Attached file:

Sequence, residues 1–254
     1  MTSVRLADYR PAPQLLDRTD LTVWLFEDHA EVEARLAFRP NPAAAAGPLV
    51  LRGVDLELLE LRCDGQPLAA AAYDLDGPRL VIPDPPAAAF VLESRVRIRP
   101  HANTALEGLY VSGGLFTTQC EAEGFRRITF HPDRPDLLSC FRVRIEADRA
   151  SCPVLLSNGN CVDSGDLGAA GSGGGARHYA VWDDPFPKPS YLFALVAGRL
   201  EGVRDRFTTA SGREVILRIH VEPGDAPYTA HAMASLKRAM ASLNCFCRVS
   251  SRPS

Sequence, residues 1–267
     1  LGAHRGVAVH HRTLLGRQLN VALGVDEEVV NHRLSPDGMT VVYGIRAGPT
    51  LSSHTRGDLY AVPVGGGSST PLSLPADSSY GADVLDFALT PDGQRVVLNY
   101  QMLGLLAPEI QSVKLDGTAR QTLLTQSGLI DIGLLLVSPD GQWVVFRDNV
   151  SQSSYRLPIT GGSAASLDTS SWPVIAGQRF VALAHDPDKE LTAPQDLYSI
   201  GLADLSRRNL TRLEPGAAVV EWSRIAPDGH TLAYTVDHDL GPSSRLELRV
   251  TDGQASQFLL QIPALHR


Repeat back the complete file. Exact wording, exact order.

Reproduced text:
Sequence, residues 1–254
     1  MTSVRLADYR PAPQLLDRTD LTVWLFEDHA EVEARLAFRP NPAAAAGPLV
    51  LRGVDLELLE LRCDGQPLAA AAYDLDGPRL VIPDPPAAAF VLESRVRIRP
   101  HANTALEGLY VSGGLFTTQC EAEGFRRITF HPDRPDLLSC FRVRIEADRA
   151  SCPVLLSNGN CVDSGDLGAA GSGGGARHYA VWDDPFPKPS YLFALVAGRL
   201  EGVRDRFTTA SGREVILRIH VEPGDAPYTA HAMASLKRAM ASLNCFCRVS
   251  SRPS

Sequence, residues 1–267
     1  LGAHRGVAVH HRTLLGRQLN VALGVDEEVV NHRLSPDGMT VVYGIRAGPT
    51  LSSHTRGDLY AVPVGGGSST PLSLPADSSY GADVLDFALT PDGQRVVLNY
   101  QMLGLLAPEI QSVKLDGTAR QTLLTQSGLI DIGLLLVSPD GQWVVFRDNV
   151  SQSSYRLPIT GGSAASLDTS SWPVIAGQRF VALAHDPDKE LTAPQDLYSI
   201  GLADLSRRNL TRLEPGAAVV EWSRIAPDGH TLAYTVDHDL GPSSRLELRV
   251  TDGQASQFLL QIPALHR